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Seattle Park is Giant Storm Drain

Recent summer storms have many locals concerned about urban flooding, or fast-flowing water overwhelming storm drains.

In Seattle’s Madison Valley neighborhood, outdated infrastructure led to a tragic death in 2006, but the city says the chronic flooding there should be fixed now.

On the corner of 30th and John, in the neighborhood with some of Seattle’s lowest elevation, what looks at first glance like a park is actually a massive new storm drain. Meandering paths, green lawns, and rockery fill half a city block. Grace Manzano with Seattle Public Utilities says in the event of heavy rain, it can become a retention pond and prevent flooding.  

“It’s a stormwater overflow protection facility, and it holds approximately 1.9 million gallons of stormwater,” Manzano said.

About seven blocks worth of new underground pipes connect the retention pond to a similar facility and a huge new stormwater storage tank at nearby Washington Park, doubling that capacity. Together, the infrastructure is enough to protect against flooding from storm events as big as the worst two on record in Seattle, seen in August 2004 and December 2006.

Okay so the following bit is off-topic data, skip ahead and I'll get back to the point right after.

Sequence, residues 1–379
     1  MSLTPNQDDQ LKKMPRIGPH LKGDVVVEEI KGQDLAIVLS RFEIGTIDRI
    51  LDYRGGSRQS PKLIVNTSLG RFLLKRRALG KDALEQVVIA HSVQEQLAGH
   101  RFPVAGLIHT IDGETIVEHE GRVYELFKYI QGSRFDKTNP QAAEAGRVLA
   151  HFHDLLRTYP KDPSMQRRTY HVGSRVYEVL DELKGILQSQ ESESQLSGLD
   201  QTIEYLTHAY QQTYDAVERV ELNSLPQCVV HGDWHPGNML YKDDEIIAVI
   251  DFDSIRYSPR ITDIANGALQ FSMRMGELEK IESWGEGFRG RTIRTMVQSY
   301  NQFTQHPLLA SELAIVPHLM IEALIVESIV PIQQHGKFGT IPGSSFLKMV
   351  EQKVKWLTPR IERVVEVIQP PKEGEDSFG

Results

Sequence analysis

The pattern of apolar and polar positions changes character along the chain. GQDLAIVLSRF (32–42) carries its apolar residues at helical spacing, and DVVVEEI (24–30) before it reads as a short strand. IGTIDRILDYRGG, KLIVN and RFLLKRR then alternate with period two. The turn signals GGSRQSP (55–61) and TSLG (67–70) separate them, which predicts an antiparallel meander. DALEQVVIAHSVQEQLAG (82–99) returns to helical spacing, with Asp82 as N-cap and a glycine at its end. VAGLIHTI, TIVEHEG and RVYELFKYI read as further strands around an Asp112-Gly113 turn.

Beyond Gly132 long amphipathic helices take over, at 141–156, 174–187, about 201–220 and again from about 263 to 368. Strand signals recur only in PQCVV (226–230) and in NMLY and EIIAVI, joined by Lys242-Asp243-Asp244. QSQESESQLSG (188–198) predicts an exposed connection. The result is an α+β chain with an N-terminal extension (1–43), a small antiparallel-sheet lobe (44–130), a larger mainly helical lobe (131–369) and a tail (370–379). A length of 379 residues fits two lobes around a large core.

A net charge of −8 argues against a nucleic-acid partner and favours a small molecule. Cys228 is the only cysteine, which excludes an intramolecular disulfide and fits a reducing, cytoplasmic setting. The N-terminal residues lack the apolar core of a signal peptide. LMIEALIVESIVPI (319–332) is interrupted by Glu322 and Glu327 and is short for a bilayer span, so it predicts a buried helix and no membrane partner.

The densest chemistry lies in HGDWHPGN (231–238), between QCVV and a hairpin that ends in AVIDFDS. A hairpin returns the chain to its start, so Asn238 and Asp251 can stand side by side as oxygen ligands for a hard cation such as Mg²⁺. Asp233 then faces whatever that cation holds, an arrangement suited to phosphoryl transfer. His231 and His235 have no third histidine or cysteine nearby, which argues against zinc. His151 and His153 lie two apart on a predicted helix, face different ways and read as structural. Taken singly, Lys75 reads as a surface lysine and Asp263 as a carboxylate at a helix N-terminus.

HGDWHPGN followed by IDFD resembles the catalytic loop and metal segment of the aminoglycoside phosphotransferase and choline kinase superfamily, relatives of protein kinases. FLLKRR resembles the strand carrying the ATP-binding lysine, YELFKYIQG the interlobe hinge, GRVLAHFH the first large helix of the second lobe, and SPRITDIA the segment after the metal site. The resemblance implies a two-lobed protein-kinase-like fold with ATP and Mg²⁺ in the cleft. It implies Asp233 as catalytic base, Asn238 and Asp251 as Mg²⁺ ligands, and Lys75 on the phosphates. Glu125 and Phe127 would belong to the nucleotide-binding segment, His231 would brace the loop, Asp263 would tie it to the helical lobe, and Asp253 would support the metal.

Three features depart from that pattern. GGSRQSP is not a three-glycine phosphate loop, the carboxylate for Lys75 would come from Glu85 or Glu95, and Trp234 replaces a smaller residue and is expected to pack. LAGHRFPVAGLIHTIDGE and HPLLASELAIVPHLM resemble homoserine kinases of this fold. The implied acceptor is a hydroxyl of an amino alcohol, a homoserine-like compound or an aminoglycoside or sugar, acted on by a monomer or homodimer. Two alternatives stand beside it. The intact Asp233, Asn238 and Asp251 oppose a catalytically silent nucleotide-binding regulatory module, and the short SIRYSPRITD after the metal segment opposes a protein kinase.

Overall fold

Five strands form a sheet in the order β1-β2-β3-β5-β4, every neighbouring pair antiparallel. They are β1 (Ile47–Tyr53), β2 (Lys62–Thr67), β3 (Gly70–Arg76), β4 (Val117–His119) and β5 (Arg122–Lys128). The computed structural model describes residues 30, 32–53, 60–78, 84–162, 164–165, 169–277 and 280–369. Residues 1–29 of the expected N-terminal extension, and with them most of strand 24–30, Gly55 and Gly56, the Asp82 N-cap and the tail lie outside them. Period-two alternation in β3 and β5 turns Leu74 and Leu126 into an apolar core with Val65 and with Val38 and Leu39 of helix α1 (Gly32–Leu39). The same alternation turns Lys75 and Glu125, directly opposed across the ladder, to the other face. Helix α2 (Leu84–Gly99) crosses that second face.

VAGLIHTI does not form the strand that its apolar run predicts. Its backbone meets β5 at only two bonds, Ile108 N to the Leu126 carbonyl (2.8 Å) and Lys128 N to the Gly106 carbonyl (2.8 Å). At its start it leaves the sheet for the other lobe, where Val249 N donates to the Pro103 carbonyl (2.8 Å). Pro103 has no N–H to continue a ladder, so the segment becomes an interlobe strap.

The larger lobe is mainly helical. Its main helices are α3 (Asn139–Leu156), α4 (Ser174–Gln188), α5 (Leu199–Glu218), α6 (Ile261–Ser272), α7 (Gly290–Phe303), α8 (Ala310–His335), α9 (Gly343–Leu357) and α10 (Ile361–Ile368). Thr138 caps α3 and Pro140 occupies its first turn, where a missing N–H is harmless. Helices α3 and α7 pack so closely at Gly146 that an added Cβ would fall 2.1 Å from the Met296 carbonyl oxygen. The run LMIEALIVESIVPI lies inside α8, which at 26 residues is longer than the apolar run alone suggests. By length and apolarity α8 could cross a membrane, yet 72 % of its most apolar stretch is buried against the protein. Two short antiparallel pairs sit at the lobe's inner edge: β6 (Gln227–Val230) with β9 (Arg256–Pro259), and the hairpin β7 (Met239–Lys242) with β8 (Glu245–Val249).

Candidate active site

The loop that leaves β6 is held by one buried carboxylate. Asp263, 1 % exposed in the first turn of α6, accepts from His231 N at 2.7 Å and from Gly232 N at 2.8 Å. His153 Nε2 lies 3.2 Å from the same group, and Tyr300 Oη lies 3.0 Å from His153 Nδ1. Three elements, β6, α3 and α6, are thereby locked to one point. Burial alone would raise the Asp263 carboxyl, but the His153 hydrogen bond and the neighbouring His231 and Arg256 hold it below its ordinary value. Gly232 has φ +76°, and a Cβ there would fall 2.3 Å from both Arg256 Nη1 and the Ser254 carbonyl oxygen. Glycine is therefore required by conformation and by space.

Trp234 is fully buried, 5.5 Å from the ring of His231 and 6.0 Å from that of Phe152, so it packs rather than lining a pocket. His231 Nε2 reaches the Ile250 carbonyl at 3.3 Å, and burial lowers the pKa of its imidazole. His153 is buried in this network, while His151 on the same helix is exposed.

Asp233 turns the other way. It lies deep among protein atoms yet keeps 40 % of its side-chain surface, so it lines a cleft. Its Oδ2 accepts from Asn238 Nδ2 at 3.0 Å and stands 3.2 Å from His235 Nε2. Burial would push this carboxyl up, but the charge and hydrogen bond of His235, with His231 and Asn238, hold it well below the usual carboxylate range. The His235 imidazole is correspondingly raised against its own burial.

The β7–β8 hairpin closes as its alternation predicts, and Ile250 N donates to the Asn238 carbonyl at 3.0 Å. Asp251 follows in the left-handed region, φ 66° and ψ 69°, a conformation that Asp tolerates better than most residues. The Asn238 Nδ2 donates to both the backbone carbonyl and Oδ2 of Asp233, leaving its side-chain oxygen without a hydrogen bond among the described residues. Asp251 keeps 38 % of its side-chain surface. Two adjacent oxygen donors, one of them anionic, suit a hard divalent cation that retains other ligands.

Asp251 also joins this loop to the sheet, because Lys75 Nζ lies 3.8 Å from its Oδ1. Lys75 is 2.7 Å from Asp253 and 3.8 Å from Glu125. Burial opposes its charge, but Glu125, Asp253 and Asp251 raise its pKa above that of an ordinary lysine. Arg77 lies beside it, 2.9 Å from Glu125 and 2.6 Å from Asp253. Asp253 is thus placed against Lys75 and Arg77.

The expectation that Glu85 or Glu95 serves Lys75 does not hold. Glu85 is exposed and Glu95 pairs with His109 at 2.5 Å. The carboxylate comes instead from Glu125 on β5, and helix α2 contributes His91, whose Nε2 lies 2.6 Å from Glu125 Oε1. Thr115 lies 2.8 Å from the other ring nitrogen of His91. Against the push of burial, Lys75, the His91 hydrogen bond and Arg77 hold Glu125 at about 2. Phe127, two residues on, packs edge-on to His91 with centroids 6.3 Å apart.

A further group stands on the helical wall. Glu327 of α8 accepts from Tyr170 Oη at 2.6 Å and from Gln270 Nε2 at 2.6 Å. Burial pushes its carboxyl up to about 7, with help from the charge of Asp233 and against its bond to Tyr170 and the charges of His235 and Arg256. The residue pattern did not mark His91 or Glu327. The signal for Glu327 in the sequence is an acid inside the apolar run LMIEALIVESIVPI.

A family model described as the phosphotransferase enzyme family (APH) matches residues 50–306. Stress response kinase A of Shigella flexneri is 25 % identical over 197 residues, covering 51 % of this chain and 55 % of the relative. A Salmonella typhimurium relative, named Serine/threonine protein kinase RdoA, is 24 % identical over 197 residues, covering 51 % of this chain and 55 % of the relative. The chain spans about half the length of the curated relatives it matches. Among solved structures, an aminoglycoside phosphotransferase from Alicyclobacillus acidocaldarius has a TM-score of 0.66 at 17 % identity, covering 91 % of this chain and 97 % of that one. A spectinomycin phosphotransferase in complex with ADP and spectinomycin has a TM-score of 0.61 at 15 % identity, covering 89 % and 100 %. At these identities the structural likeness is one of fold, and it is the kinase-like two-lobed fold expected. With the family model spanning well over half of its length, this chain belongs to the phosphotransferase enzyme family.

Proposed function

That’s a huge relief to many people who live in the valley, including Kathi Titus.

”It’s just fantastic. Since it’s been built, I’ve only seen maybe a foot of water in it after any storm we’ve had. Plus they’ve installed drains in our backyards. So we don’t have standing water,” she said.

Titus says the improvement followed years of chronic flooding in their basements, which got so bad in 2004 that the neighborhood organized to lobby for fixes. Titus, a former teacher, says local residents warned the city that someone could get trapped. In 2006 a woman named Kate Fleming did, and drowned. And even though in that case, the water came from another source, Titus says Fleming’s death might have been what ultimately pushed the city to spend nearly $35 million on the stormwater upgrades.

‘Absolutely. Having somebody die, unfortunately, really got their attention, you know, and it got the public’s attention. Everybody knows about it,” Titus said.  

Despite the tragedy, she and her partner want other neighborhoods with chronic flooding to know that the city does respond when people organize.

She still winces a bit when she hears the flood warnings, but for now at least, it appears the fixes are working.

Bellamy Pailthorp covers the environment for KNKX with an emphasis on climate justice, human health and food sovereignty. She enjoys reporting about how we will power our future while maintaining healthy cultures and livable cities. Story tips can be sent to